Skiffia francesae were listed online as “a New Species of Goodeid Fish from Western México” by KINGSTON, D.I. in 1978. Their common English name is the Golden Sawfin Goodea.
Their natural habitat is a quiet, thermal and clear to murky water environment with only a slight current. The substrate is a deep mud with a few rocks, silt and sand. A few species of aquatic plants are present and the average temperature is between 75 –79°F. The water is heavily polluted.
In the wild they are considered to be a threatened or extinct species. Fortunately, aquarium populations have been maintained in different countries, so this species has not been lost yet. They are a shoaling fish are best kept in larger groups.
Males are a bright gold with superimposed gray cast; colors are more vivid when courting. Females and juveniles are a grayish-green color with scattered small black flecks. The males reach a size of approximately 1 ¾ inches, the females approximately 2 inches in length. They are a livebearer, and after a pregnancy of approx. 8 weeks, 20-30 fry are delivered and these fry can be ¼ – ½ inch long. A heavily planted tank is recommended as they will eat their own young.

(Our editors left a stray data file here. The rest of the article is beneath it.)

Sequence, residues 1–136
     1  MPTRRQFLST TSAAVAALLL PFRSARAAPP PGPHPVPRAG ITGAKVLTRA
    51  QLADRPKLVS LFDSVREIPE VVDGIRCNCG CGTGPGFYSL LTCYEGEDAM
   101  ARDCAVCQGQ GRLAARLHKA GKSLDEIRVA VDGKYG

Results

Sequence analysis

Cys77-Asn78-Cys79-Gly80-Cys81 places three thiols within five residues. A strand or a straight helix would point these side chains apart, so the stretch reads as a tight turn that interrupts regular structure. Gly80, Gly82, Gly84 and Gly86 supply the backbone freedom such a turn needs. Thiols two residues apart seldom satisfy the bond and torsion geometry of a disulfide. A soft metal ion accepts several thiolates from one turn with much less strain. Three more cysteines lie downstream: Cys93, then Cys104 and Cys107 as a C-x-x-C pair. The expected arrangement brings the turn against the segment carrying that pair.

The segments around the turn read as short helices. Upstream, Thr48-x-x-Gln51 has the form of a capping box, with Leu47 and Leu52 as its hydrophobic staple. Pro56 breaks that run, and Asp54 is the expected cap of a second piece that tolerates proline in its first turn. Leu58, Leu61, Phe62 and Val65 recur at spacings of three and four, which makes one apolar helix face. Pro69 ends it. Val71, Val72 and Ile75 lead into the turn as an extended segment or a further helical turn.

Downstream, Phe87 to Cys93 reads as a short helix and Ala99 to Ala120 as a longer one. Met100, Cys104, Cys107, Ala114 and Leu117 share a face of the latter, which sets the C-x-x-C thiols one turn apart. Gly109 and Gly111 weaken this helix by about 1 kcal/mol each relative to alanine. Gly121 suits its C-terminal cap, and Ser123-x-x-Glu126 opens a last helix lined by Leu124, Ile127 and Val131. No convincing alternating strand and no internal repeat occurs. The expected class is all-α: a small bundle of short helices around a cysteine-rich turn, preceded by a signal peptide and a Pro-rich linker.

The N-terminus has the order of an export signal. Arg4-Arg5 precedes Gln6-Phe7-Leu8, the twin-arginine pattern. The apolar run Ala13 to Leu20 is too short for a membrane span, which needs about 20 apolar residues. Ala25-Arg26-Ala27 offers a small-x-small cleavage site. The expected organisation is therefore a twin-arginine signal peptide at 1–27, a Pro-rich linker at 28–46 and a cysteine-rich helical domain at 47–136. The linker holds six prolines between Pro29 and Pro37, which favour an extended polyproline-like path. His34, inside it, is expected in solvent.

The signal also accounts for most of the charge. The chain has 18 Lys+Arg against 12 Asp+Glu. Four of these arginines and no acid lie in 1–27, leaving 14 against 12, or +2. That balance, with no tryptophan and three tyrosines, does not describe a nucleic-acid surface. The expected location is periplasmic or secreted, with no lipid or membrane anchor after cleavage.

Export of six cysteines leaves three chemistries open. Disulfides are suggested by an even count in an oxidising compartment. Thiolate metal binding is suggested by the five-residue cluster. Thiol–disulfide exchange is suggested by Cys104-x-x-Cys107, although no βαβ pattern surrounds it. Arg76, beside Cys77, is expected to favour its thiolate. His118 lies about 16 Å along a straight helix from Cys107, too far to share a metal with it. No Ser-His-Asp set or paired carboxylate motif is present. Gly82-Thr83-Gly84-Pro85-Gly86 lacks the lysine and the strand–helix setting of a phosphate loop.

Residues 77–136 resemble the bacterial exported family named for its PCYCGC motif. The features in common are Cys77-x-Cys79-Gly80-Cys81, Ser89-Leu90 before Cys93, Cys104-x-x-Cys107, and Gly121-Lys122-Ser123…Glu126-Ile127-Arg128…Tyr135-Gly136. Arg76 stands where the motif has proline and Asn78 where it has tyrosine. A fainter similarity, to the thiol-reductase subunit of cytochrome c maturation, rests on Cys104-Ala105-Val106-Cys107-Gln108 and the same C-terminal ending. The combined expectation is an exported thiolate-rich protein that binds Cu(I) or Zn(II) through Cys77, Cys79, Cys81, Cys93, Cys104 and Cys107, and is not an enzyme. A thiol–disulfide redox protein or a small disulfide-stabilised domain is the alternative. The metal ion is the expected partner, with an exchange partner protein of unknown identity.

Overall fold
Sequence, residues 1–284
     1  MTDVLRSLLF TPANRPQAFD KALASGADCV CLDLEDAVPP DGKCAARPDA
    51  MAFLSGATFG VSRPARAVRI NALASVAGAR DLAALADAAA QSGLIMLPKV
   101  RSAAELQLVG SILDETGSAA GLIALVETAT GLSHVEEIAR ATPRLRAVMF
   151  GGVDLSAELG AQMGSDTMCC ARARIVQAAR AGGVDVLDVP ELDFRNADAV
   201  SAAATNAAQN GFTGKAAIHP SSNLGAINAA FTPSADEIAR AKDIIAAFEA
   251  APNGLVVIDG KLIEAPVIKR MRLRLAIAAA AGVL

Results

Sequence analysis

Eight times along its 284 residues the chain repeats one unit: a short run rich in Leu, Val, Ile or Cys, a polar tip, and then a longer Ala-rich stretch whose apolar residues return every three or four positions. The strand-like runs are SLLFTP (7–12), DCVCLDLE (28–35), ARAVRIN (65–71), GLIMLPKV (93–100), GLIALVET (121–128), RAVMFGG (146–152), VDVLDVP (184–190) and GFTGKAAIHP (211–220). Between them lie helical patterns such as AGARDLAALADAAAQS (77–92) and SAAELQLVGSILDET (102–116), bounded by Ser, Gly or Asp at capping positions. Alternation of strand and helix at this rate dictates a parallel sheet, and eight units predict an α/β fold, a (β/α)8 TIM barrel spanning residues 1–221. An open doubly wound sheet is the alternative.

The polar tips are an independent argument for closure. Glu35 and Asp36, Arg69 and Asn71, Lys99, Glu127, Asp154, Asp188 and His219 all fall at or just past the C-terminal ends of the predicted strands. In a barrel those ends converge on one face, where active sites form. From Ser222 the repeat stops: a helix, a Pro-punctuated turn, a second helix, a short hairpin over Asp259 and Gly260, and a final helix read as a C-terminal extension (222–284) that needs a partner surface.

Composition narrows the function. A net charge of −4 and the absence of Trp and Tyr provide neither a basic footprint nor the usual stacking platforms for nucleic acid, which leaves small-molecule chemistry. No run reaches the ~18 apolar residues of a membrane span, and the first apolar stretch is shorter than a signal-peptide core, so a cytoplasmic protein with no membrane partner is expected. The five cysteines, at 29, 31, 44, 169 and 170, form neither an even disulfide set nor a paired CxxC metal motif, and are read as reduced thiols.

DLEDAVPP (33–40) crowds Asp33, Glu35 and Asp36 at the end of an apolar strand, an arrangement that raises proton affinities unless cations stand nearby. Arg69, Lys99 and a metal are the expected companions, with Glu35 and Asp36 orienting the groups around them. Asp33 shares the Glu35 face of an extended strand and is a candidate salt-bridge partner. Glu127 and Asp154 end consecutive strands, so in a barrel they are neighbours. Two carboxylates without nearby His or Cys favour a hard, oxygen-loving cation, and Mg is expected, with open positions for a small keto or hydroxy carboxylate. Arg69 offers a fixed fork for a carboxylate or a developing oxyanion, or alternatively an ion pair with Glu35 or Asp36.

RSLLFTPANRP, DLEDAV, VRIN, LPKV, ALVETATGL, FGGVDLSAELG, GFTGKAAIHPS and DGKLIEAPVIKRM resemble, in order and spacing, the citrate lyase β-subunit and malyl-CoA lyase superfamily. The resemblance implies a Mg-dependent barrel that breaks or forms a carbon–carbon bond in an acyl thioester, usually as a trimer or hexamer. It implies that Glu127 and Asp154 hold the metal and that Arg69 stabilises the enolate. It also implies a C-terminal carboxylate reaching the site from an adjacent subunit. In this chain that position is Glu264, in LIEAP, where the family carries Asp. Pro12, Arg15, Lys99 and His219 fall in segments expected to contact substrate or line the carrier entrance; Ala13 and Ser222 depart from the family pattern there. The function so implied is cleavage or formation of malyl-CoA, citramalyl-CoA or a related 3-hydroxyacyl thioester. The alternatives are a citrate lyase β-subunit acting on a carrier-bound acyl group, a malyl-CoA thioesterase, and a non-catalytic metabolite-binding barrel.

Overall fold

I keep 5 adult females and 3 adult males in a 10 gallon aquarium and feed them a medley of flakes, shrimp pellets and frozen blood worms. Part of their nourishment should be vegetable based and I have noticed that this tank is free of algae since their arrival.
I somewhat attribute my success in breeding them to blind luck. One evening I noticed that I had two rather large females that looked like they might give birth. I caught one of them and put her in a breeder net with a bunch of hornwort and anacharis. The next morning she was thin and there were no fry, indicating that she had eaten them. But much to my surprise, there were approximately 15 babies outside the breeder net, some trapped between the net and the glass. I quickly removed the female inside the breeder net, caught the fry, and placed them inside. Later that day, I switched them, the hornwort and anacharis over to a hang on breeder box that circulates the tank water, providing a gentle flow of water from the main aquarium.
I feed the fry Ken’s fry granules (.5 mm) two-three times daily, cleaning out the excess food and waste from the bottom as needed.